It takes a full day to explore the churches and the maze of alleyways and tunnels that connect them. Beyond the admission to the complex, I hired a guide to walk me through their history and the mind-boggling maze. To be sure, the town surrounding Lalibela is a dusty village that through its daily pace of life seems hardly aware of the importance of these churches. But since they’ve been there for more than 1,000 years, I guess they’re just used to them. And so to offer the locals employment, it is mandatory that visitors hire an assistant, someone who will help you with your shoes as it’s also mandatory to take off your shoes before going inside these beautiful churches. So the assistant watches you shoes, will take them off, put them on and tie them, if you’d like. While Lalibela remains one of the highlight of the Ethiopian segment of my journey, my only regret is the guide I had chosen. I should’ve gone with my instincts. He was a weasel, stuck to me like glue and showered me with the accolades and certificates in tourism and English he’d earned.

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The drums are only used in holy ceremonies. I asked a priest to demonstrate. He told me to come back and he would during a ceremony. I’d like to return to Lalibela. It’s magical.

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Don’t hire this guide when you visit Lalibela. He overcharged and tried to steal my camera.

My guide? Let me explain why Mesfin Ali is perhaps the most awful and dishonest tour guide in all of Lalibela. He knew his history but when pressed for information on some of the Ethiopian Saints he made up answers, I verified this with a true historian later. Second, while I paid for a full day and started a bit late, he seemed to rush me through the churches. Always looking at his watch, I made him take me back for second views. He resented me for this. Third, he charged me too much. Had I chosen a guide referred from my hotel, I would have had better service and saved nearly 50%. He had an ego. This doesn’t bother me so much, but he liked to get in my photos. Worse, after I took a photo of my shoe “assistant” and his name badge, he kept asking me why. When I realized that I forgot to download photos from my DSLR and was running out of space on that camera, he was quick to point out that I should erase the photos of my assistant. Later when I allowed him to peruse the photos on the camera, he once again pointed out that I hadn’t erased the photo of the assistant. Now the clincher. At the last church we visited, Bet Medhane Alem, the largest monolithic church in the world, he asked if he could shoot some photos. I was preoccupied shooting with my DSLR, so I figured why not let him use my point and shoot. We went about exploring this massive edifice which stands 63 feet high, 45 feet wide and 24 feet deep, it resembles a Greek Temple and cut in the shape of a cross, it also reflects Ethiopia’s Jewish roots as the Star of David is carved high in the ceiling. I handed him the camera and he shot pictures as I took a moment and walked around. Then we entered the church. More pictures and more discussion of history and I chatted with the priest, which was a challenge as he didn’t speak any English and I caught him sleeping with a cross in his hand.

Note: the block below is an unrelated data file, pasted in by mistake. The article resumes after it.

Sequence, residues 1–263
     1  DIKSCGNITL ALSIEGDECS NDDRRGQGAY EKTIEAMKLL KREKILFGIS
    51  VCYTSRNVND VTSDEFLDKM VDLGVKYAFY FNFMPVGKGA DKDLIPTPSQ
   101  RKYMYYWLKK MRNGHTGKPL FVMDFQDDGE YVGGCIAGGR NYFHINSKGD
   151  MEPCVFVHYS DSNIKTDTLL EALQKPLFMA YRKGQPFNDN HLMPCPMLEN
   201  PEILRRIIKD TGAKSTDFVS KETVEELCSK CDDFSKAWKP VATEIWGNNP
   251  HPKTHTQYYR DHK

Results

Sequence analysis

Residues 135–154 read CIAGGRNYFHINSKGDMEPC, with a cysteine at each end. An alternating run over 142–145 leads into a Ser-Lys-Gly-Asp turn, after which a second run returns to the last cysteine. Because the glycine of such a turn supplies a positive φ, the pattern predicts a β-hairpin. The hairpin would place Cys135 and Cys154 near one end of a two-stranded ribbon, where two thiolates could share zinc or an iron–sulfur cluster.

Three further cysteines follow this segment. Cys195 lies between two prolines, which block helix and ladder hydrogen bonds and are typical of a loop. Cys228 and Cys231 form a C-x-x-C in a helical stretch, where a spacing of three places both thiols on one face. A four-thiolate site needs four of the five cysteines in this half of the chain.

I wanted to sit under a tree and just gaze upon the church and figured I’d just walk back to my hotel alone. I asked my guide if there was any place I could buy water nearby. He suggested it was rather far but he’d be happy to go get me some. Well really, he just handed the Birr I gave him to my assistant and asked him to fetch the water. He then said he needed to get home and left. When my assistant, Endayene returned with a tall bottle of cold water I was in heaven. Church wandering in this heat dehydrates you fast.